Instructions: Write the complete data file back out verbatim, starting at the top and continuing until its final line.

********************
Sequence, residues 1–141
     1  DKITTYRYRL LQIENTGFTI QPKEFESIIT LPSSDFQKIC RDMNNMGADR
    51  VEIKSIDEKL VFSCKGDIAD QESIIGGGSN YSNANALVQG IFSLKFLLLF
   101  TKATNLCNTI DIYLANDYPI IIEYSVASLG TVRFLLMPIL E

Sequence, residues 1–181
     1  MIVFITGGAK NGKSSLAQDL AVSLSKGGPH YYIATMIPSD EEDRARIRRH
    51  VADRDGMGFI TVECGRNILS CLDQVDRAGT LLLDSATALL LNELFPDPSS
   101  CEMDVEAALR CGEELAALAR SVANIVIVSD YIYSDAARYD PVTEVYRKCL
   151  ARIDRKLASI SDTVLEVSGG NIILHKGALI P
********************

Sequence, residues 1–141
     1  DKITTYRYRL LQIENTGFTI QPKEFESIIT LPSSDFQKIC RDMNNMGADR
    51  VEIKSIDEKL VFSCKGDIAD QESIIGGGSN YSNANALVQG IFSLKFLLLF
   101  TKATNLCNTI DIYLANDYPI IIEYSVASLG TVRFLLMPIL E

Sequence, residues 1–181
     1  MIVFITGGAK NGKSSLAQDL AVSLSKGGPH YYIATMIPSD EEDRARIRRH
    51  VADRDGMGFI TVECGRNILS CLDQVDRAGT LLLDSATALL LNELFPDPSS
   101  CEMDVEAALR CGEELAALAR SVANIVIVSD YIYSDAARYD PVTEVYRKCL
   151  ARIDRKLASI SDTVLEVSGG NIILHKGALI P